Jump to content
Objectivism Online Forum

Reblogged:Tribalism vs. Clarity

Rate this topic

Recommended Posts

Within an analysis of the last election, the following sentence caught my eye:
[T]he liberal positions won big in Ohio's two ballot measures to enshrine the right to an abortion and to legalize marijuana. [links omitted]
Liberal positions?

I support both of these, but I am not a "liberal" -- at least in today's twisted sense of the term that implies leftist.

Liberals might, however imperfectly, support reproductive rights and the freedom to ingest whatever one wants, but these are pro-liberty positions, and they contradict other "liberal" positions, such as decriminalizing petty theft or surgically mutilating children below the age of consent and without their own parents' consent.

Nevertheless, many people lump such disparate positions together, based loosely on which party campaigns on them at the moment, much to the detriment of their own understanding of politics and the advancement of any genuinely good positions they might hold, such as the "liberal" right to abortion or the "conservative" right for parents to raise their own children.

Two cases in point are evident from the very article under discussion, and they manifest in Democrats and Republicans seeing lessons for each other -- while getting the wrong message for themselves -- after each election.

Since this piece is by a leftist, we'll start with it. As I noted the day after the last elections:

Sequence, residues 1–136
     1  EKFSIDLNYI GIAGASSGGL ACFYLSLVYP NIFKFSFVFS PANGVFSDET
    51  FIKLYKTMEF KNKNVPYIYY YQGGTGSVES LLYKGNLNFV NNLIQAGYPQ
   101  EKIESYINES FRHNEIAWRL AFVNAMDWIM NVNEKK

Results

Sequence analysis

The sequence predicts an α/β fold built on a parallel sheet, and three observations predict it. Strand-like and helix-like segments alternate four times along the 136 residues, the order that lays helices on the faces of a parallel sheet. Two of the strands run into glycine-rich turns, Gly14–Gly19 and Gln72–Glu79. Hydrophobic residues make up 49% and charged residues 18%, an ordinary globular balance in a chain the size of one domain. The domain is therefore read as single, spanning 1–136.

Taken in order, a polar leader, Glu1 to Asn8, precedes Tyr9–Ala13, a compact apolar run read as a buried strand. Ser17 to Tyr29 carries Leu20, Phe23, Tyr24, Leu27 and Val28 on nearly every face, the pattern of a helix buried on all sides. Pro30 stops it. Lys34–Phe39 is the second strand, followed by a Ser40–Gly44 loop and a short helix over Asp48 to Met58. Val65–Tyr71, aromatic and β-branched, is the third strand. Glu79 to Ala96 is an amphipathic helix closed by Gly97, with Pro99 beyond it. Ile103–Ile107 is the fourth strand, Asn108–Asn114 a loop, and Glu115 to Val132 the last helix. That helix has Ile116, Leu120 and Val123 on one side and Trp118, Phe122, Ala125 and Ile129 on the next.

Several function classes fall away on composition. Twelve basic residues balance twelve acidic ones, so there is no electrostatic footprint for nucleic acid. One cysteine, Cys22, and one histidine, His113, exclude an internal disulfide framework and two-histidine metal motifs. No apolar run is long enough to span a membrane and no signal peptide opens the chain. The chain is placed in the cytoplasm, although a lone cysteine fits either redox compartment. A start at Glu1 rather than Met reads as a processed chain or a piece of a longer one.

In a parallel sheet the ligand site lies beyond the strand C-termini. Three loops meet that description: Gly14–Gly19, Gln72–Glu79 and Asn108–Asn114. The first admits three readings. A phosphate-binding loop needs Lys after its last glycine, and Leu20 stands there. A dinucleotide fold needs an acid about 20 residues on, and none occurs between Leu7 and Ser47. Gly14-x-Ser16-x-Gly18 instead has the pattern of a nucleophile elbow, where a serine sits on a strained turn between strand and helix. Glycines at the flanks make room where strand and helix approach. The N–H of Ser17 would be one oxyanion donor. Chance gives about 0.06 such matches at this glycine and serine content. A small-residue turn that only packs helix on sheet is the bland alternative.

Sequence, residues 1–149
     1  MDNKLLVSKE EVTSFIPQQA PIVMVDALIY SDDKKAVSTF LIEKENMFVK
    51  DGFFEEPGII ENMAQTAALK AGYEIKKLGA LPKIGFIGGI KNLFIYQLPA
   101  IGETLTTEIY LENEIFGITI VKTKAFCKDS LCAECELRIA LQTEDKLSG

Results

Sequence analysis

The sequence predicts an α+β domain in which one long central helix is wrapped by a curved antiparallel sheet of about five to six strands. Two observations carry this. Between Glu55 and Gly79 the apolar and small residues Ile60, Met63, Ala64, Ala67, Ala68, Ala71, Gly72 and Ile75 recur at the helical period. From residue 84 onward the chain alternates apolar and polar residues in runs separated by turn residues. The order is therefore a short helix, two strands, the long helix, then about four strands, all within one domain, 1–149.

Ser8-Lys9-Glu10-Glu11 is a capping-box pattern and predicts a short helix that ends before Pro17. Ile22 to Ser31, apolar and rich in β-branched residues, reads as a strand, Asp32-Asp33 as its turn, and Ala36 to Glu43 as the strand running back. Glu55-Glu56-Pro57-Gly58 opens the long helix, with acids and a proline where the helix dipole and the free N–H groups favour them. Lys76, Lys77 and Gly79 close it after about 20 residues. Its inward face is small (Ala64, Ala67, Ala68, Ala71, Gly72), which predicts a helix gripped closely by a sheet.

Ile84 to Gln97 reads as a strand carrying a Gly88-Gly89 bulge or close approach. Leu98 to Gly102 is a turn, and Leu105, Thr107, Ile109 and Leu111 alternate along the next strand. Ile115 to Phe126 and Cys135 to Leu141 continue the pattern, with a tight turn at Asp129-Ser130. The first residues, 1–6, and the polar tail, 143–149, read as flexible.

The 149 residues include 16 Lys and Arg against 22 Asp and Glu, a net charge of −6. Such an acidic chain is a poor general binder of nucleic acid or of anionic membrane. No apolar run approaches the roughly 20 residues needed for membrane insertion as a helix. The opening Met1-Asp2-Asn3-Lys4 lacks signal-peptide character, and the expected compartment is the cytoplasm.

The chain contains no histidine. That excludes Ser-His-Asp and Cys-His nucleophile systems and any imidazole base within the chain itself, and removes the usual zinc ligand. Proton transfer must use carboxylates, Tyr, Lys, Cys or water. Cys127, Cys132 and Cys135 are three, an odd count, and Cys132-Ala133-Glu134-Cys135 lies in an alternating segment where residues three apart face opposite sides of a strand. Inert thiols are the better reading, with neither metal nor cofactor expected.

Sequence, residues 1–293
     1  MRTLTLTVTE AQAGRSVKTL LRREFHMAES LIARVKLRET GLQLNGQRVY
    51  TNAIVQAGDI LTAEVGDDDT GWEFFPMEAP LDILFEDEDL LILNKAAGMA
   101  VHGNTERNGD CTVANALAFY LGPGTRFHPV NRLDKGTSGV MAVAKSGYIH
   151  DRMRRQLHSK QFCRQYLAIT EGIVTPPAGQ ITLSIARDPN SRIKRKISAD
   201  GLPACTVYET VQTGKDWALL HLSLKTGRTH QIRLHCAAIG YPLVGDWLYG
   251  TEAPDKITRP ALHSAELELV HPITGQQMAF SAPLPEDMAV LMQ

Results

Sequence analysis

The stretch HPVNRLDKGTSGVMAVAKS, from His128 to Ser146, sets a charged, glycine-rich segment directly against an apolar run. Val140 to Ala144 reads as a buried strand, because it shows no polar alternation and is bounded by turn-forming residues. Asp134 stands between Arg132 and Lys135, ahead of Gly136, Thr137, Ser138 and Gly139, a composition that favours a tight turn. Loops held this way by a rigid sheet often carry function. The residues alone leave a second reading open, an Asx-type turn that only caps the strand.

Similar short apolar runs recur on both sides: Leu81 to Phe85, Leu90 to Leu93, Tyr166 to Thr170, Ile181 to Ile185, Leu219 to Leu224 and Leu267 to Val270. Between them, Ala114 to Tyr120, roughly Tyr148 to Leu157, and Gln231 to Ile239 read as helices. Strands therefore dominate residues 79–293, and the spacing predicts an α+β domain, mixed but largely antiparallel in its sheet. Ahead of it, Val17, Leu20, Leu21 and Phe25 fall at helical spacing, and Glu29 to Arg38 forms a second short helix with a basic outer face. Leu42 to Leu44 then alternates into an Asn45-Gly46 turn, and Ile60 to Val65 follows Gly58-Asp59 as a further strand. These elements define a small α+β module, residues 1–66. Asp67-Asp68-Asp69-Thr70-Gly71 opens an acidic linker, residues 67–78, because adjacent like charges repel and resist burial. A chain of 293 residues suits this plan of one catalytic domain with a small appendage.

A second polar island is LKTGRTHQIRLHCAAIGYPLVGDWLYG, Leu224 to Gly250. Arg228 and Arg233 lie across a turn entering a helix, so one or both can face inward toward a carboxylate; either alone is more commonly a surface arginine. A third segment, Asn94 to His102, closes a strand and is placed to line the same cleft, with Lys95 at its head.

When abortion becomes the major issue on the ballot, and there is a clear choice, being anti-abortion will lose any election not dominated by religious voters.
This article focuses on the educated, affluent voters found in suburbs and other similar areas. These voters are not particularly religious, but they also aren't particularly leftist, as attested by the fact that they delivered wins to Glenn Youngkin in the previous election cycle, and used to trend more Republican before Roe was overturned and Republicans were safe to preen about abortion (i.e., pander to religious voters) without having to face the consequences (i.e., voters suddenly having to worry about their daughters being forced to bring unwanted pregnancies to term).

The GOP is screwed with these voters unless it changes its position on abortion. The writer at Vox rightly sees this -- but then starts hallucinating as soon as the whole smorgasbord of other liberal positions comes to his mind:
School choice as bait for abortion restrictions? Reproductive freedom as bait for in-school grooming? Both parties are guilty of baiting and switching. (Image by Anne Nygård, via Unsplash, license.)
Abortion politics have played a huge role in this since 2022, but the shift in the suburbs and with more affluent college graduates predates the Dobbs decision ending the federal right to an abortion. In Virginia and Pennsylvania, politics around schools and education, gender identity, and crime all joined abortion as issues that voters kept top of mind. "In conjunction with abortion is the other layered-in kind of Republican social agenda that is just so repellent to the country," a Democratic campaigner in suburban Bucks County told the Philadelphia Inquirer. "Voters in the largest swing county in the most important swing state uniformly rejected that." [bold added]